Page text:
Protect your video and audio tapes, and floppy disks

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Video and audio tapes, such as VCR tapes and music cassettes share some common characteristics. Interestingly enough, they also have something in common with floppy disks. All are made from magnetic media. Magnetic media is composed of a polyester or polyethylene base with magnetic particles glued to it.  Video and audio tapes have a long strip of film wound on spools inside a cassette box. Floppy disks have a plastic platter inside them, which spins. Both the film and the platter are coated with magnetic particles made of ferrous oxide. These magnetic particles record and store information.

The glue, called the "binder," that holds the magnetic particles in place can be easily damaged from high levels of heat and humidity.  It can become soft and sticky, or it can become quite brittle. In tapes, soft sticky binder can glue the tape together, and gum up the player. In floppies, it prevents the platter from spinning.  Brittle binder flakes off the plastic base, taking the magnetic particles (and thus the information recorded on the particles) with it. 

Magnetic media can also be damaged by dirt and dust, which can create scratches that erase media. Dust also can damage tape playback heads and cause floppy disks readers to skip or lock up in an area of the disk.

Finger prints can lift magnetic particles off the base or cover the particles over. There is less likelihood of fingerprints or dust on a 3.5" floppy than on the older 5.25" disks, as a sliding cover hides the platter from sight. VCR cassettes also have a cover which protects the tape, while audio cassettes do not.

Magnetic media have a short life expectancy.  Careful treatment may increase their ability to be played to 30 years for tapes and, for disks, up to and even beyond 3 million passes. If your collection consists mostly of professional productions, cassettes or films that are still in print, buying a new copy is probably the best option.  For homemade, old, or out-of-print videotapes, cassettes, or floppies, proper storage and handling practices will prolong the life of the item.  Transferring the information from one tape or floppy to another one, or to an entirely different media such as a CD or DVD, is a very good idea, though it will not be a permanent form of preservation.  Proper environment, storage, and handling practices can prolong the life of magnetic media.

Environment

Temperature and humidity play a major role in the destruction of magnetic media. Extremely high temperatures cause the binders to break down and become either sticky or brittle. Sticky binders can break machines, while brittle binders will lose data. Extremely high humidity can warp the platter inside a floppy and stretch of video or audio tapes. Changes in temperature and humidity can cause condensation inside the cassette box or disk. It will also cause the materials from which the tape or disk is made to expand and contract, which they will do at different rates. This expansion and contraction can cause the entire unit to warp.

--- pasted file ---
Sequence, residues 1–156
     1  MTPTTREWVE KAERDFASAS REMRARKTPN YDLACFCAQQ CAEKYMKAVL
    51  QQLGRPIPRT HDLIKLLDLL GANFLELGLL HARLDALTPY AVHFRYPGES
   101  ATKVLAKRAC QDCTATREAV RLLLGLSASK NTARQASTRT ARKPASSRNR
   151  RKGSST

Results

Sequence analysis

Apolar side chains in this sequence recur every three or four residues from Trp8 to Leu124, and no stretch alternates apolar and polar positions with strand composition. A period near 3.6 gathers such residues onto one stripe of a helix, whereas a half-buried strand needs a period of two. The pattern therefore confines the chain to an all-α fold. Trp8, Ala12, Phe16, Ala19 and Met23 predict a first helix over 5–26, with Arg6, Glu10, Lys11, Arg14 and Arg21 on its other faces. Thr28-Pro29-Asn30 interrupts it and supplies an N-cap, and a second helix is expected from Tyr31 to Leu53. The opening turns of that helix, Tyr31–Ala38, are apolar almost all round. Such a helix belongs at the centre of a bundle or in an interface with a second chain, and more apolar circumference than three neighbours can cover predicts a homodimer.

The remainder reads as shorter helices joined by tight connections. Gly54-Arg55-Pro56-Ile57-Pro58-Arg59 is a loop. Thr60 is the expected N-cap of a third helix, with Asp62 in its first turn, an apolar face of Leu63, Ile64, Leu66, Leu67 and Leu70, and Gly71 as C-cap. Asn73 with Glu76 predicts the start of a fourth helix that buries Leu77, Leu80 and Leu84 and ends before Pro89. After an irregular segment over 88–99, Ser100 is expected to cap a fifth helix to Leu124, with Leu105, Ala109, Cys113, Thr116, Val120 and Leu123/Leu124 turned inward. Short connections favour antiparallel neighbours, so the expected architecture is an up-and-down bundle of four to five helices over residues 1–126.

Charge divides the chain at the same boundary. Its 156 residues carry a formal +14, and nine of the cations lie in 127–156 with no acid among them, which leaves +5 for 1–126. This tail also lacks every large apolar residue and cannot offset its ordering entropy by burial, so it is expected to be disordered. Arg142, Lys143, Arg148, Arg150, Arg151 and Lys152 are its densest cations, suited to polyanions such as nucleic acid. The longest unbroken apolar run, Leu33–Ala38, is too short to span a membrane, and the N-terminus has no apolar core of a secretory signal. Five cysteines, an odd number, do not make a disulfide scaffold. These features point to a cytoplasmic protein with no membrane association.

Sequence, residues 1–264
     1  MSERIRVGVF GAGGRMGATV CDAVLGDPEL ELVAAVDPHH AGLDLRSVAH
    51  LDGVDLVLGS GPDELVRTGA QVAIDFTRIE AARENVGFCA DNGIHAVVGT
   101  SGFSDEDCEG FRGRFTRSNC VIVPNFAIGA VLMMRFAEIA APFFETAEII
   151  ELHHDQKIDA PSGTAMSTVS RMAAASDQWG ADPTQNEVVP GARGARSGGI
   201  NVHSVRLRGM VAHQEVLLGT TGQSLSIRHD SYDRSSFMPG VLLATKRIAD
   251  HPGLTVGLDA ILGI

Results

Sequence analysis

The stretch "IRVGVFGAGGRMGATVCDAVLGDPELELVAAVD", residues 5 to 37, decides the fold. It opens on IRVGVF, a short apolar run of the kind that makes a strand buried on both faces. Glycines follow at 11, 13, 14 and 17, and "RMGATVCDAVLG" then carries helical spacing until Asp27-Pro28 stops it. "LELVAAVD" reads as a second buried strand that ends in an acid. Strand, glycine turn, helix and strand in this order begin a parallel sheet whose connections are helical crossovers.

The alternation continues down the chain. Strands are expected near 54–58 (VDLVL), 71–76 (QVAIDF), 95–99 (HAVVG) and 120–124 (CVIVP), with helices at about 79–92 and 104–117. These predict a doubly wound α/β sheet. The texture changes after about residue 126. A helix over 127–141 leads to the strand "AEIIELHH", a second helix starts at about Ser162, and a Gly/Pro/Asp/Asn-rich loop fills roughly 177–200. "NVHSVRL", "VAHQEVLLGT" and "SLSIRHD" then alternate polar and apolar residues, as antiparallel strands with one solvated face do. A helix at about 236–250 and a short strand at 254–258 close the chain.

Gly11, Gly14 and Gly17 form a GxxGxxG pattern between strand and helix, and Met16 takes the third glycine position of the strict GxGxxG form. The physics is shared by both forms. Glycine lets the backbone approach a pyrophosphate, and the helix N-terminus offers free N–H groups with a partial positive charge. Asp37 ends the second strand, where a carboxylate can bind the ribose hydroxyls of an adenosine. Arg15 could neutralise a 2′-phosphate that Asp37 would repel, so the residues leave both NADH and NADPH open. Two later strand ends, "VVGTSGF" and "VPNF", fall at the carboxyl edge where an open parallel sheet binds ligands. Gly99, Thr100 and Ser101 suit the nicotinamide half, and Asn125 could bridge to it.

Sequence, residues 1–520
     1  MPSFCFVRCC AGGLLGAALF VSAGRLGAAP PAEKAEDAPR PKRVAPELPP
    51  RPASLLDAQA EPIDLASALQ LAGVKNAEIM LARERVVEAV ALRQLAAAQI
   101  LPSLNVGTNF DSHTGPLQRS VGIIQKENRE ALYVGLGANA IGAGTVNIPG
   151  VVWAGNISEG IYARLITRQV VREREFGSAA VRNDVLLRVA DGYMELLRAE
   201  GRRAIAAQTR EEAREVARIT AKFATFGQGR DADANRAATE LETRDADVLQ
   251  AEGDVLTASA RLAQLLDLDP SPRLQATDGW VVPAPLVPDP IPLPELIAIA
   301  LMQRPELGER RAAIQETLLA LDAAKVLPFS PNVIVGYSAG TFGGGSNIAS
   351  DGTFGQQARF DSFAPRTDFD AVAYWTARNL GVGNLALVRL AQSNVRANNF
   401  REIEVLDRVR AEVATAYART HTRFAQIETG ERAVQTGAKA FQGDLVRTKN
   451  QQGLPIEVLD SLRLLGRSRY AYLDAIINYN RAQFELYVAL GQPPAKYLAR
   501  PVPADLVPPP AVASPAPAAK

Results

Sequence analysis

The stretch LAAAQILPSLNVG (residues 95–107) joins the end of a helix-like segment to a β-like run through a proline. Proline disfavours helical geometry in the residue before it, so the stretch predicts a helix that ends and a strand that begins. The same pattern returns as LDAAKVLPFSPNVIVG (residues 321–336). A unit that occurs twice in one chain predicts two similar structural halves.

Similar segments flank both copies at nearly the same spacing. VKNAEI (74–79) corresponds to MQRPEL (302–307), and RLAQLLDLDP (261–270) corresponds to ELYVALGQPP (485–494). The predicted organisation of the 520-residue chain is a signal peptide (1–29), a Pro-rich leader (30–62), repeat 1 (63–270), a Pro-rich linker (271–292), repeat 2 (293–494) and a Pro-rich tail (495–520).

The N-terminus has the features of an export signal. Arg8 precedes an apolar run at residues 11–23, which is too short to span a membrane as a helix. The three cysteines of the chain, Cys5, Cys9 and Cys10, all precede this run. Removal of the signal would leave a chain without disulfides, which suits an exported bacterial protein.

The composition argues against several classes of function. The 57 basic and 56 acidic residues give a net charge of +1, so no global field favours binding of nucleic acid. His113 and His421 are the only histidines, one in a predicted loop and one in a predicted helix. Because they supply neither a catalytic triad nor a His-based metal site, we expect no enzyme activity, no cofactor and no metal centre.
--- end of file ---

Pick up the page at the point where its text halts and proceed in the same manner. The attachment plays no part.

Try to store tapes and disks in a stable cool environment. Do not, for instance, leave your favorite audio tape in your car in the hot Florida sun. It could literally melt. Do not leave disks on top of your computer monitor or any other heat generating appliance. If a tape or disk has been in the heat for any amount of time, allow it to cool for a while before playing it. The plastics and binders become softer and more easily damaged while very hot .

Although a stable 65º with 30% humidity is the ideal storage environment for magnetic media, it is hard to achieve in Florida. As most computers work best in a cool climate, storage of the floppies in a cooled computer room is one option.

Dust also plays havoc with magnetic media. Dust particles can scratch the plastic base, erasing information. Dust can also damage cassette players, VCRs and disk drives. Dust and vacuum regularly in the areas where these devices are kept and store tapes and floppies inside cases, jackets, or boxes to keep the dust out.

Storage

When not using video or audio tapes, store them inside their cases, on-end like books.  Store floppies in their jackets or in upright cases. Avoid over stuffing cases, as cramming disks together can damage them. Do not store disks under anything heavy.

Any magnetic source, such as security systems, magnets, transformers, and electric motors, can affect the magnetic particles on tapes and floppies. Do not store magnetic media in a cabinet with a magnetic lock or catch. Interestingly enough, some types of lamps also produce magnetic fields, keep magnetic media away from the ballast in florescent lamps and the bases of high intensity lamps.

Excessive or constant vibration can also disturb the magnetic field. Periodic trips in the car should not hurt anything, but sitting for any length of time on a running clothes dryer will.

Clearly label your tapes or disks so you know what they are without having to play them. If they become damaged, you will then know whether they are worth the expense of recovery. When labeling floppies, write on the label first, before attaching it. If the label is already attached, use a felt tipped pen, rather than a ball point, to lessen the chance of damaging the platter inside. If you want to re-label a disk, peel the old one off first, rather than stacking labels. Stacked labels can be too thick for the reader and peel off inside your computer.

Do not use paper clips, rubber bands, or other fasteners on a floppy disk. If you need to mail a floppy, use a stiff piece of cardboard or other unbending material to help support it through the mail.

Article Source : http://dlis.dos.state.fl.us/archives/preservation/magnetic/index.cfm